PSB could stop schemes acting in members' interests, warns PLSA

The Pension Schemes Bill must be amended in order to avoid unintentionally preventing schemes from acting in members’ best interests, according to the Pensions and Lifetime Savings Association (PLSA).

As part of its written submission to the Public Bill Committee inquiry on the Pension Schemes Bill, the organisation argued that the wording of section 107 of the legislation would “unintentionally criminalise ordinary business activities” and could therefore have unintended negative consequences for pension schemes and pension savers.

It warned that the measures could prevent legitimate actions to make pension benefits more secure and discourage trustees from taking part in pension scheme governance, calling for the measures to instead be specifically focussed on employers and high-level associates of pension schemes.

The PLSA added that it supported enhancing The Pensions Regulator’s (TPR) powers to deal with “reckless” employer behaviour, though in this case it recommended “narrowing the scope” of proposed new powers for the regulator.

PLSA director of policy & research, Nigel Peaple, said: “We welcome measures to prevent scheme sponsors from deliberately evading their responsibilities but the current drafting of section 107 casts the net far too wide and well beyond the intended targets.

"This is a significant issue which many of our members have raised concerns about.”

Section 107 has been singled out for criticism by others too, with Pinsent Masons partner, head of pensions and long-term savings, Carolyn Saunders, warning that the measures would serve to make professionals in the pensions industry “very nervous” about taking action when an employer is struggling.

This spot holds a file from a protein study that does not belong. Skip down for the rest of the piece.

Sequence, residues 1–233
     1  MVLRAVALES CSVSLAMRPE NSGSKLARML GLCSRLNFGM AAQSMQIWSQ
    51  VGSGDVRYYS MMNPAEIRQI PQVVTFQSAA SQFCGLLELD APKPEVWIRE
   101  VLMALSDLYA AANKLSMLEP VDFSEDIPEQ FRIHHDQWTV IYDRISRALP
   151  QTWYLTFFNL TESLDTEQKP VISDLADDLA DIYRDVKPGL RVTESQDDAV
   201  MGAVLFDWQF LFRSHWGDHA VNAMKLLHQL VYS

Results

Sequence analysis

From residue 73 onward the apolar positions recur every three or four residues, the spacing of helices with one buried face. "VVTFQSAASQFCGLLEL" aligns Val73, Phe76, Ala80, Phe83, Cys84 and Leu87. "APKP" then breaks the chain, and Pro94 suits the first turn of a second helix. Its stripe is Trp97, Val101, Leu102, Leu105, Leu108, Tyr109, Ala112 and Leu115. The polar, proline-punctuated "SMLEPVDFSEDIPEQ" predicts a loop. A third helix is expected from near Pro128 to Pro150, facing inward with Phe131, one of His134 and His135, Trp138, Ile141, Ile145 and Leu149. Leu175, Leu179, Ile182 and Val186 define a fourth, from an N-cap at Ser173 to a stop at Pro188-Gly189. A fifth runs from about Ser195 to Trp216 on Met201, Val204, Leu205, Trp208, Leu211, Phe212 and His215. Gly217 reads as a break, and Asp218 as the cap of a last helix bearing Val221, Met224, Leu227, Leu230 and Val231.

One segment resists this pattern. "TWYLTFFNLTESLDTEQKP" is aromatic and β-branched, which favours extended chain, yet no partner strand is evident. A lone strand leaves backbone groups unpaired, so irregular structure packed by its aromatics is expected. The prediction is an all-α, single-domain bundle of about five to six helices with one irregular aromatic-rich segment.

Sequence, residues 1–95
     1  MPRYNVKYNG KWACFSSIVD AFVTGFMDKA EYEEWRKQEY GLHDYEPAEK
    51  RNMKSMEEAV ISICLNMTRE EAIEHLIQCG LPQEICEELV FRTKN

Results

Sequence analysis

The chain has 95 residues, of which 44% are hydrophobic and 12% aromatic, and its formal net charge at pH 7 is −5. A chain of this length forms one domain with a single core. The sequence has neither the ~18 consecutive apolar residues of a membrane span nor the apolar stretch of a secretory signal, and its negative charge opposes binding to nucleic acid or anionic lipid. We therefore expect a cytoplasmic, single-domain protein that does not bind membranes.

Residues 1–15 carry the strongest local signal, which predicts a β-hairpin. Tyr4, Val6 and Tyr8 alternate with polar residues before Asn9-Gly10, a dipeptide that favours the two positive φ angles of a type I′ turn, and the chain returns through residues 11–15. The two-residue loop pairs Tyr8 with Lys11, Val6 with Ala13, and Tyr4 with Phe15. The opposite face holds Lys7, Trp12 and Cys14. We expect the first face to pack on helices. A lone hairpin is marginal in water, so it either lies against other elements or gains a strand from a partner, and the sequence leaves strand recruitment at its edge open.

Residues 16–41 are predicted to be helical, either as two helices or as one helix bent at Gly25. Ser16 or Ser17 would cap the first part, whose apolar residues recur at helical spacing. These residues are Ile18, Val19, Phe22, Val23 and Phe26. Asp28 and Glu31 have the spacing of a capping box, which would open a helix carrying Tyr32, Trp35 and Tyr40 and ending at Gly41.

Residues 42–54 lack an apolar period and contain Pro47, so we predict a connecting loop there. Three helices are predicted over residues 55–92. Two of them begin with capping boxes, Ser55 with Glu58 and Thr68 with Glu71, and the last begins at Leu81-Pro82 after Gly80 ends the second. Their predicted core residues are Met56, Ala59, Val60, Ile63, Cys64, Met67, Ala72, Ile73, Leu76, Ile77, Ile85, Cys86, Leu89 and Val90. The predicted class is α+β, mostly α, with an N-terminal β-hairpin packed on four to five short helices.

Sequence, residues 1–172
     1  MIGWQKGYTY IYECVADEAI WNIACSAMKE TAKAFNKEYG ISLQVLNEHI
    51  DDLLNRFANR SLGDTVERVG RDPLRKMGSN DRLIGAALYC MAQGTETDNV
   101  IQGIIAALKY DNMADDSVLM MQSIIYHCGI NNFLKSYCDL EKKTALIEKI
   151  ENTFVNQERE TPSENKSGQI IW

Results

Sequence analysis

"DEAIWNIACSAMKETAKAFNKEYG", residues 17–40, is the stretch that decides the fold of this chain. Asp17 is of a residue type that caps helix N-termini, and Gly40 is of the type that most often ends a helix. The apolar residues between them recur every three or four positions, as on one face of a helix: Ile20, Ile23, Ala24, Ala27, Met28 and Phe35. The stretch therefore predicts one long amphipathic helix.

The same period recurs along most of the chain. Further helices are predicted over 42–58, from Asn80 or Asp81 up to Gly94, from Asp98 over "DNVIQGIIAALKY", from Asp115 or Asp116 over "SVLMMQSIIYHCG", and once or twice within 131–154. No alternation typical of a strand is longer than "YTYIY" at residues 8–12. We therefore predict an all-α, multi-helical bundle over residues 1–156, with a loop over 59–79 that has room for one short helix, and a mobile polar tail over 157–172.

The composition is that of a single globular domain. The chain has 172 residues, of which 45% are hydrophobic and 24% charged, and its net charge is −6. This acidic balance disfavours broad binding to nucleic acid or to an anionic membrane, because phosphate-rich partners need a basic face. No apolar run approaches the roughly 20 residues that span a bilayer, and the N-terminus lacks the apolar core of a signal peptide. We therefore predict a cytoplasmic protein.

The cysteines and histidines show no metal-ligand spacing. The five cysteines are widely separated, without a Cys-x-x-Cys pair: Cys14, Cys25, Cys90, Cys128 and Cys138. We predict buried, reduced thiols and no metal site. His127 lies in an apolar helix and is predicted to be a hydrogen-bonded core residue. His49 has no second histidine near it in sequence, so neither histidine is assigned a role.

The PLSA also argued that new amendments in the bill regarding pension dashboards could place people at risk of losing their life savings if they fall prey to pension scammers or mis-selling.

The organisation has argued that these amendments would allow dashboards to be used to provide transactional services and remove a one-year bedding in period, and would fail to ensure that the first pensions dashboard would be a single, non-commercial product hosted by the Money and Pensions Service (MAPS).

The organisation also expressed disappointment that the bill had not paved the way for extending the scope of automatic enrolment to younger savers, or establishing a new regulatory framework to assist schemes in supporting their members as they approach and make their retirement decisions.

Peaple said: “It is also disappointing that this bill has not yet scheduled the planned mid-2020s removal of the lower earnings limit to automatic enrolment contributions and lowering the enrolment age from 22 to 18 years of age, meaning millions missing out on extra saving with employer support and tax relief.”

He added: “Workplace pensions provide an essential retirement income for millions of people, so it is vitally important the £2 trillion pensions sector has legislative clarity.

“The Pension Schemes Bill does many useful things, such as strengthening the powers of TPR to protect members, creating pension dashboards, and enhancing the transfer regime to protect savers against pension scams.

"These measures will help more people have a better income in retirement.”

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